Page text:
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Revision 1.2 - (show annotations) (download)
Wed Oct 20 13:07:13 2010 UTC (8 years, 6 months ago) by pseudo
Branch: MAIN
CVS Tags: HEAD
Branch point for: gettext
Changes since 1.1: +3 -3 lines
Clarified the OpenSSL version requirements.
Rewrote open_telnet() to make it more useful.
Replaced some calls to open_telnet_raw() with open_telnet().

1 $Id: TLS,v 1.1 2010/10/19 12:13:32 pseudo Exp $
2
3 TLS support
4 Last revised: Oct 17, 2010
5 _____________________________________________________________________
6
7 TLS support
8
9
10 This document provides information about TLS support which is a new
11 eggdrop feature since version 1.8.0.
12
13 Contents:
14 1. About
15 2. Installation
16 3. Usage
17 3a. IRC
18 3b. Botnet
19 3c. Secure DCC
20 3d. Scripts
21 4. Keys, certificates and authentication
22 5. SSL settings
23
24
25 1. About
26
27 Eggdrop can be optionally compiled with TLS support. This requires OpenSSL
28 0.9.8 or more recent installed on your system.
29 TLS support includes encryption for IRC, DCC, botnet, telnet and scripted
30 connections as well as certificate authentication for users and bots.
31
32
33 2. Installation
34
35 ./configure and install as usual, the configure script will detect if your
36 system meets the requirements and will enable TLS automatically. You can
37 override the autodetection and manually disable TLS with
38 ./configure --disable-tls. You can't forcefully enable it though.
39 The configure script will look for OpenSSL at the default system locations.
40 If you have it installed at a non-standard location or locally in your
41 home directory, you'll need to specify the paths to header and library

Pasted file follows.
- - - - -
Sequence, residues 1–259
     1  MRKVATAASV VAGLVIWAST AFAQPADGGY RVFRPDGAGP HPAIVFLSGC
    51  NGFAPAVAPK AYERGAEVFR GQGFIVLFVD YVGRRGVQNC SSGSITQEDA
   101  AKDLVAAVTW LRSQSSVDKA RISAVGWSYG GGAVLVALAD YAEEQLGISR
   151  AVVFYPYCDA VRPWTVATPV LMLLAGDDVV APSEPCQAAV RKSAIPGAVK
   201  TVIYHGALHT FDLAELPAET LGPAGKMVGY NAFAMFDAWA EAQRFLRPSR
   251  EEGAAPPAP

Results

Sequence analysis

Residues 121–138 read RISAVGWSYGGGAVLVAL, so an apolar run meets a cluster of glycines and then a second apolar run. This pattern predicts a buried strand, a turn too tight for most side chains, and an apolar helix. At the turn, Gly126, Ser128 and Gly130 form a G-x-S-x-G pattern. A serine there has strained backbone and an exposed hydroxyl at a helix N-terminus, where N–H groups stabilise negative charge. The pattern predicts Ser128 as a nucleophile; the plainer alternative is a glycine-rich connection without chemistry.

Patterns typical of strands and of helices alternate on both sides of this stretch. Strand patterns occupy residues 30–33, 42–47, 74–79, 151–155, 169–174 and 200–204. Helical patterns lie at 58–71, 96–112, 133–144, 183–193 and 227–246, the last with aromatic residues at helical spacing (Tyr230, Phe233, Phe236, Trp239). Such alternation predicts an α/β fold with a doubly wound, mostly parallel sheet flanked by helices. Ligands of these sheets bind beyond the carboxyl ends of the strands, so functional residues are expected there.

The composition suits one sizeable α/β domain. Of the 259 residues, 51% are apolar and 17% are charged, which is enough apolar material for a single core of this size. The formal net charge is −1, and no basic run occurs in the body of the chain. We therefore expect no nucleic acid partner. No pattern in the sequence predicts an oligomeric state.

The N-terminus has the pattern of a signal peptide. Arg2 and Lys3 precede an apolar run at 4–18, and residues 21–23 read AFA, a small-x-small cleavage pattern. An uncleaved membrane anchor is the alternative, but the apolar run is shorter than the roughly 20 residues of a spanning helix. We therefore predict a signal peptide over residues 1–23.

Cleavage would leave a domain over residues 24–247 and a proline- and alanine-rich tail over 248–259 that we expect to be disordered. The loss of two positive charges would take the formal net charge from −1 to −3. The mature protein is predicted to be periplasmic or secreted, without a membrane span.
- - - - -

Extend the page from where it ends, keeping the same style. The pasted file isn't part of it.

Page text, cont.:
42 files with the --with-sslinc and --with-ssllib options. You can also use
43 these if you want to override the default OpenSSL installation with a
44 custom one, as they take precedence over any system-wide paths.
45
46
47 3. Usage
48
49 By default, without additional configuration, TLS support will provide
50 opportunistic encryption for botnet links. For other connection types,
51 TLS must be requested explicitly.
52 Secure connections are created the same way as plaintext ones. The only
53 difference is that you must prefix the port number with a plus sign.
54 A port number that could be normally omitted, would have to be included
55 to enable TLS. Scripts can also switch a regular, plaintext connection
56 to TLS, using the starttls Tcl command.
57
58 3a. IRC
59
60 To connect to IRC using SSL, specify the port number and prefix it with
61 a plus sign. Example: .jump irc.server.com +6697. The same goes for
62 the server list in the config file.
63
64 3b. Botnet
65
66 Botnet links between TLS-enabled bots will automatically switch to SSL.
67 In this case however, the nickname and password will be sent before SSL
68 negotiation takes place (the password is not send as cleartext anyway).
69 If one of the bots doesn't support TLS, the connection will fall back to
70 plain text. To require SSL explicitly, you need to open a ssl telnet
71 port on your hub and prefix the port number with + when adding it on your
72 leafs. For SSL-only bot links, all communication is encrypted, including
73 sending the nickname and password. If SSL negotiation fails, the
74 connection is deliberately aborted and no clear text is ever sent.
75
76 3c. Secure DCC
77
78 Eggdrop supports the SDCC protocol, allowing you to establish DCC chat
79 and file transfers over SSL. Example: /ctcp bot schat
80 Note, that currently the only IRC client supporting SDCC is KVIrc. For
81 information on how to initiate secure DCC chat from KVIrc (rather than
82 from the bot with /ctcp bot chat), consult the KVIrc documentation.
83
84 3d. Scripts
85
86 Scripts can open or connect to SSL ports the usual way specifying the
87 port with a plus sign. Alternatively, the connection could be